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Articles by R. S Sippel
Total Records ( 2 ) for R. S Sippel
  H Chen , R. S Sippel and S. Schaefer
 

Background  Many surgeons have shown that radio-guided resection of parathyroid glands can facilitate intraoperative localization in selected patients with primary hyperparathyroidism, especially in the reoperative setting. However, in patients with negative technetium Tc 99m–sestamibi (hereafter referred to as "sestamibi") scans, the usefulness of the gamma probe is unclear. Thus, we were interested in determining the role of radio-guided techniques in patients with primary hyperparathyroidism and negative or nonlocalizing sestamibi scans.

Design  Retrospective analysis of a prospective parathyroid database.

Setting  Academic medical center.

Patients  Seven hundred sixty-nine patients with primary hyperparathyroidism who had a sestamibi scan and underwent surgical invention by a single surgeon. All patients had radioguided parathyroidectomy using a handheld gamma probe.

Main Outcome Measures  Radioactive counts, eucalcemia rate, and complications were compared between patients with positive and patients with negative sestamibi scans.

Results  All enlarged parathyroid glands were localized with the gamma probe in patients with a negative or with a positive sestamibi scan with similar sensitivities. This occurred despite the fact that smaller parathryoid glands were present, on average, in patients with negative sestamibi scans (428 mg vs 828 mg, P = .001). Equivalent high postoperative eucalcemia rates (>98%) and low complication rates (0.5%) were achieved with radioguided techniques in both patient populations.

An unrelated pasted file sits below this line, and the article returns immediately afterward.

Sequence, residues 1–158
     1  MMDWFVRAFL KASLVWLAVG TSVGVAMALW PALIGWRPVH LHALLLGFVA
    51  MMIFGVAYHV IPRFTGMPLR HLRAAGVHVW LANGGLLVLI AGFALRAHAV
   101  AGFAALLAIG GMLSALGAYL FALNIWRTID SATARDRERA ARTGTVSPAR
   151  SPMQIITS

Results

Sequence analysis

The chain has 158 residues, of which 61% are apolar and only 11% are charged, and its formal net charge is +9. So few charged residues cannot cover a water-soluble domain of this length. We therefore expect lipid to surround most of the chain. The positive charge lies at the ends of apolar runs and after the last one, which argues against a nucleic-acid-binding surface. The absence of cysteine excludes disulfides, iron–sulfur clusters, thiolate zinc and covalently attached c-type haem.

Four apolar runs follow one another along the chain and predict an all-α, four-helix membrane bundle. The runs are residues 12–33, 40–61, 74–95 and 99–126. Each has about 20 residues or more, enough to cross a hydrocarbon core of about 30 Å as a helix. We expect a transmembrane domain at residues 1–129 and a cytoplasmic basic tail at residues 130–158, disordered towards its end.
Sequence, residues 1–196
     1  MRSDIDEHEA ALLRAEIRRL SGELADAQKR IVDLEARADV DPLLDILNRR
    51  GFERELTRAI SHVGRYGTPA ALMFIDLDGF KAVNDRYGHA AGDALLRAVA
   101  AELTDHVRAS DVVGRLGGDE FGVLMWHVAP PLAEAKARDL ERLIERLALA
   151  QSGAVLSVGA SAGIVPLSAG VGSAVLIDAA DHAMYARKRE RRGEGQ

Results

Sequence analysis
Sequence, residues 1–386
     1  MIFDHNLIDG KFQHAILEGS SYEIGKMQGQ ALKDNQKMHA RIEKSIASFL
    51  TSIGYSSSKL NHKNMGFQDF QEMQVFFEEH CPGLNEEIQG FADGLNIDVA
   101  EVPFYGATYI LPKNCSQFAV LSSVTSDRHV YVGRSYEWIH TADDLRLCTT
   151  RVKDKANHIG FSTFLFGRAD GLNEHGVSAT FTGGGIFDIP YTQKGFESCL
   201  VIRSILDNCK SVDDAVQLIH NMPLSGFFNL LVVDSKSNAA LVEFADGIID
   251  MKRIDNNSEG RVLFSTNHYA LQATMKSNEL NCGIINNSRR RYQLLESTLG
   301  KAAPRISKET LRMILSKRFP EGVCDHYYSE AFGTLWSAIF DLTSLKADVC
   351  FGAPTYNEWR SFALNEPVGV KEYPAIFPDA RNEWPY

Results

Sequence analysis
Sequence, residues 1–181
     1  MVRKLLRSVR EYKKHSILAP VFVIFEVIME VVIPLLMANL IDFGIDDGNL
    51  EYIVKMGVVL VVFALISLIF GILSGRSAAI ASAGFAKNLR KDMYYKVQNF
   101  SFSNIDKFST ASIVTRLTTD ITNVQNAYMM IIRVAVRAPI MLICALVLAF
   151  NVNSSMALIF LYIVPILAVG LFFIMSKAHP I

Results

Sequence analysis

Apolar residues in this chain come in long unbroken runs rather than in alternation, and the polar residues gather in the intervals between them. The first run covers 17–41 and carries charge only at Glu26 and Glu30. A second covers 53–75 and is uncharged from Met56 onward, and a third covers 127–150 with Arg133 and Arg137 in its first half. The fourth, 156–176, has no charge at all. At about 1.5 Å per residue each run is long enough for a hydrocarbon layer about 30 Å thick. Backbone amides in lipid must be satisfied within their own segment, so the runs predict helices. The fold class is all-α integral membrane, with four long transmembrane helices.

Conclusions  Radioguided techniques are equally effective in patients with negative (nonlocalizing) sestamibi scans undergoing parathyroidectomy for primary hyperparathyroidism. Moreover, use of the gamma probe led to the detection of all parathyroid glands, including ectopically located ones. These data suggest that the gamma probe has an important role for localization of parathyroid glands in patients with negative preoperative sestamibi scans.

  D. M Elaraj , R. S Sippel , S Lindsay , I Sansano , Q. Y Duh , O. H Clark and E. Kebebew
 

Hypothesis  Additional imaging studies are useful to select patients who are candidates for minimally invasive parathyroidectomy, and referral is not indicated when results from a preoperative sestamibi scan are negative.

Design, Setting, and Patients  Prospective analysis of 492 operations for primary hyperparathyroidism from May 2005 to May 2007 at a tertiary care center.

Main Outcome Measures  Accuracy of imaging studies, pathologic findings, and biochemical cure.

Results  Among the patients, 96% were cured. Of the sestamibi scan results, 91% were positive and 82% were true-positive. Ultrasonography results were positive in 51% of patients with negative sestamibi scan results, and 43% were true-positive. Patients with positive sestamibi scan results compared with those with negative sestamibi scan results had a higher rate of single-gland disease (87% vs 63%, respectively) and lower rates of double adenoma (6% vs 22%, respectively) and asymmetric hyperplasia (7% vs 15%, respectively) (P < .001). In patients with positive sestamibi scan results compared with those with negative sestamibi scan results, there was no significant difference in the rate of ectopic parathyroid glands (18% vs 12%, respectively) but there was a significant difference in cure rate (97% vs 89%, respectively) (P = .008).

Conclusions  Additional imaging with neck ultrasonography is helpful for selecting minimally invasive parathyroidectomy in most patients with primary hyperparathyroidism who have negative sestamibi scan results. Referral for parathyroidectomy may be considered in patients with negative sestamibi scan results because these results are associated with multigland disease and lower cure rates.

 
 
 
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